|Town/Region||Akpugoeze, Edumanom Forest Reserve, Lagwa|
|Date||15 Jun 2010|
Hundreds of species and natural systems are under threat globally. Some taxonomic groups adapt better than others. Due to their life histories, primates are particularly susceptible to disturbances. The 2009 IUCN Red List classified about 50% of the 413 extant primate species as Threatened. Within Africa, Nigeria is the most populous nation and retains only a small fraction of its original forested area. Nevertheless, Nigeria is critically important for African primate diversity. The country harbours several threatened primate taxa, including Sclater’s monkey, the Niger Delta red colobus, the Cross River gorilla, and the Nigeria-Cameroon chimpanzee.
The Niger Delta and Igbo-speaking states (“Igboland”) are important for rare primates and other threatened taxa. The red colobus and chimpanzee populations in the Niger Delta, for example, were unknown to science until the 1990s. This region also harbours key remaining populations of Sclater’s monkey, Nigeria’s only endemic primate species. The Niger Delta and Igboland have no official protected areas. The only regional protection conferred on wildlife is through social taboos and sacred forests. Support for research and conservation efforts is thus urgently needed. Previous research indicated a paucity of knowledge on the Niger Delta chimpanzee, as well as an urgent need to address crop-raiding behaviour of Sclater’s monkeys and raise awareness of the cultural importance of the sacred monkeys among residents in the Igbo communities where the monkeys have long existed alongside humans.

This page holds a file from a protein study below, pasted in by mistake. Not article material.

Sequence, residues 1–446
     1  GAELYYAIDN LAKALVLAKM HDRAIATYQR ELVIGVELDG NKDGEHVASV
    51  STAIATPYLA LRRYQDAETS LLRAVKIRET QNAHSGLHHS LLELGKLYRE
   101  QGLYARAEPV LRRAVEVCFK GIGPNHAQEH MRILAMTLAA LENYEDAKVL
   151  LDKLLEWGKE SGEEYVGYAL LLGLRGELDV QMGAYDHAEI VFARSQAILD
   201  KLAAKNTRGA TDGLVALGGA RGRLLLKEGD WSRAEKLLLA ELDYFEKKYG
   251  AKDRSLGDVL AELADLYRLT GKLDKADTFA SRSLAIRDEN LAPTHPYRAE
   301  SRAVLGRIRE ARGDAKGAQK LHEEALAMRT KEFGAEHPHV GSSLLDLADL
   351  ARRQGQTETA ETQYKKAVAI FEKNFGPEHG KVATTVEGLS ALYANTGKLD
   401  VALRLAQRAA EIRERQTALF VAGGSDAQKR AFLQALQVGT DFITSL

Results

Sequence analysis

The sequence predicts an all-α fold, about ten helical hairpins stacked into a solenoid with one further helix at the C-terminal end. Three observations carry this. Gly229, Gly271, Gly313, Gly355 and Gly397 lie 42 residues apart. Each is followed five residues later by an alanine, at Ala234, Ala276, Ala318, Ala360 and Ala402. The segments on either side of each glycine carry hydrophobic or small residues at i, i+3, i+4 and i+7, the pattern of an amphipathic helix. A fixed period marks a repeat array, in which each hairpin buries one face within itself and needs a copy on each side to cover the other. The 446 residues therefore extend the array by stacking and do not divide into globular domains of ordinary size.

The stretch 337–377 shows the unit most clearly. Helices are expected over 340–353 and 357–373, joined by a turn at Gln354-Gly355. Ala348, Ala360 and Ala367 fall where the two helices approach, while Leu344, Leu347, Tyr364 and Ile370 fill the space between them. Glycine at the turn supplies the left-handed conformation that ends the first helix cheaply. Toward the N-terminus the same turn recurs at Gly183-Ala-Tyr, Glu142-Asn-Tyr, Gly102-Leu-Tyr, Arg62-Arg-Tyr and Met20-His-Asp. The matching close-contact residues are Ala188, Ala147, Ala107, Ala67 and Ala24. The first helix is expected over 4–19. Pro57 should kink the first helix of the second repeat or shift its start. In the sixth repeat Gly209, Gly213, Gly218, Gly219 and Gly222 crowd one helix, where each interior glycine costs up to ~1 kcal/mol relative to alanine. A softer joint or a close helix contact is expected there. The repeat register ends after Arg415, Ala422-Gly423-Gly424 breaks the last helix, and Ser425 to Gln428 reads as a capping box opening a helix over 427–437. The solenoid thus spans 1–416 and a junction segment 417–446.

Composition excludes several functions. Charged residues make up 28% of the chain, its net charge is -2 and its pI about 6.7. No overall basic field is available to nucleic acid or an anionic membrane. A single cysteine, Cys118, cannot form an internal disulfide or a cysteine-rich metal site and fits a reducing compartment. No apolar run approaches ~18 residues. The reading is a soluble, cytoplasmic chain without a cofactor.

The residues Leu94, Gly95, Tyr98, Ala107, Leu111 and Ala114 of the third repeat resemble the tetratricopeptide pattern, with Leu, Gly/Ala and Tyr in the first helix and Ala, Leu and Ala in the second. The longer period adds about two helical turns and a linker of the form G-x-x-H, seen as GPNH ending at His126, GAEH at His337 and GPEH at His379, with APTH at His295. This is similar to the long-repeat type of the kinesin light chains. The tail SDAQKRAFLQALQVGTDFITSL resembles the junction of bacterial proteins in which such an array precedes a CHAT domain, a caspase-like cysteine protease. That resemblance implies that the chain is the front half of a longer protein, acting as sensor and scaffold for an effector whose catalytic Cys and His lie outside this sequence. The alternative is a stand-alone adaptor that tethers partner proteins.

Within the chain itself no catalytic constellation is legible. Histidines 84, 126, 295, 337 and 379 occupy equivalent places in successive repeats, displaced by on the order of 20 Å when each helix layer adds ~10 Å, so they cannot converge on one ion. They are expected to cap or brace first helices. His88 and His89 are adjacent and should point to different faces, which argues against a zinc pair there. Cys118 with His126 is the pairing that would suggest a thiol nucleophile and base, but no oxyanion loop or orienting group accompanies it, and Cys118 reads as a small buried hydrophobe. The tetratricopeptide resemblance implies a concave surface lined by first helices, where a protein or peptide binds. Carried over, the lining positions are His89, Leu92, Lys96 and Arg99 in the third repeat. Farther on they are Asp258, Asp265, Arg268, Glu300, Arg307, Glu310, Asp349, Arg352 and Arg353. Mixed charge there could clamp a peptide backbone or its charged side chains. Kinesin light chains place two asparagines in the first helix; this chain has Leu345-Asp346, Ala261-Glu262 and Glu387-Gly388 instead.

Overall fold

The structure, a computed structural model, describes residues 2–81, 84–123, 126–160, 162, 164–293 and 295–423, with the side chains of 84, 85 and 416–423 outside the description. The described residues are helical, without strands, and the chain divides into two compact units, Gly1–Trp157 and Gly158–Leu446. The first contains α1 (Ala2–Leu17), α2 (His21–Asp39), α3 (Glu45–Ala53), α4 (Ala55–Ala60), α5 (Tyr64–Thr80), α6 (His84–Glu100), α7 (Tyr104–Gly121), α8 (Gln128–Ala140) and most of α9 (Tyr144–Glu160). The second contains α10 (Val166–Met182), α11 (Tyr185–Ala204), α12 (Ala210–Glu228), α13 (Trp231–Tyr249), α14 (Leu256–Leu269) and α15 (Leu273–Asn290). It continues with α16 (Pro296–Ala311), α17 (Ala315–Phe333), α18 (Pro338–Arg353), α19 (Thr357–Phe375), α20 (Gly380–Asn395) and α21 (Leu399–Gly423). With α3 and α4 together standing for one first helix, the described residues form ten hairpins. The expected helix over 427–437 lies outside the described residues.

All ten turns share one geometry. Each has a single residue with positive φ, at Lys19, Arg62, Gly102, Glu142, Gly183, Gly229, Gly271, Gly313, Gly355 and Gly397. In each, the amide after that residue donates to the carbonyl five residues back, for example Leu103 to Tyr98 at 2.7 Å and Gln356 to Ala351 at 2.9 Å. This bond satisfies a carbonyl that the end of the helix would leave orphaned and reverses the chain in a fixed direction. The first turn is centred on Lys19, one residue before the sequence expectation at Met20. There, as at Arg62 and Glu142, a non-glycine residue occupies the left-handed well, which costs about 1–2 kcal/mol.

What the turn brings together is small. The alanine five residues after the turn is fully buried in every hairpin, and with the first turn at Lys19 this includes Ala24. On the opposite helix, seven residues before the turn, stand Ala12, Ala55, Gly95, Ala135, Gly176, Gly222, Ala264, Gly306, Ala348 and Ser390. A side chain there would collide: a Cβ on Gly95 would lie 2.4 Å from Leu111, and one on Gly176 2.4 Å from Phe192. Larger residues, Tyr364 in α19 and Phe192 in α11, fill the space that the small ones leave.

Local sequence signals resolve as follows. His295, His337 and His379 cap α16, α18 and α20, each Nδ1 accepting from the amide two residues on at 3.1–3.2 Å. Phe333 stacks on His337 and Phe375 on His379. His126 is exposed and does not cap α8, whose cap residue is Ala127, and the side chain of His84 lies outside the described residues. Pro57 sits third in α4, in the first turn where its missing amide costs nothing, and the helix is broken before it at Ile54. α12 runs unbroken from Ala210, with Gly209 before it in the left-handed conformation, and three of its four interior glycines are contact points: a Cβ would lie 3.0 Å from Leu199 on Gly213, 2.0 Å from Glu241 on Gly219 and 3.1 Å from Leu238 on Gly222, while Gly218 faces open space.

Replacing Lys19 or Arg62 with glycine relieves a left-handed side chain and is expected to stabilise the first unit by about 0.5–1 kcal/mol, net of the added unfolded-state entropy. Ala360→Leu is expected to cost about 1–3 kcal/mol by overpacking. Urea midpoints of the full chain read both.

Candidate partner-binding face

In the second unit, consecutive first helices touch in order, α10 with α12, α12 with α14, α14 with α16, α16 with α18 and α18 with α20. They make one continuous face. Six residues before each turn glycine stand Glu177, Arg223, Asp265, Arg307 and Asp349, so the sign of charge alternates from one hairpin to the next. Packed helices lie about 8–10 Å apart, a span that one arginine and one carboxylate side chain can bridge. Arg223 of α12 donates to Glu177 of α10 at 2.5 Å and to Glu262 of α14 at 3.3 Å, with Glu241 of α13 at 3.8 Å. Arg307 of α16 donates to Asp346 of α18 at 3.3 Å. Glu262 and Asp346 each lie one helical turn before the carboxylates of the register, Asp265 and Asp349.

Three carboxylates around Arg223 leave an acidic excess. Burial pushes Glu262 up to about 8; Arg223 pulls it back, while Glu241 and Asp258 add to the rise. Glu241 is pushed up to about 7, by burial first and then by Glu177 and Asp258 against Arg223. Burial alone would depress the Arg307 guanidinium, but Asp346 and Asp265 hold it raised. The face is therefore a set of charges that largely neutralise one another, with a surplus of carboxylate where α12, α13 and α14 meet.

The totemic and cultural position of sacred Sclater’s monkeys should be promoted to ensure the survival of these populations. Rufford Small Grants Foundation has been a significant supporter of conservation efforts on behalf of the Sclater’s monkey; this project serves as an extension of previous research and conservation activities, as well as a new effort focused on an endangered and severely neglected chimpanzee population in the politically volatile Niger Delta.
To read about Lynne's previous work http://www.ruffordsmallgrants.org/rsg/projects/lynne_r_baker or for more information contact: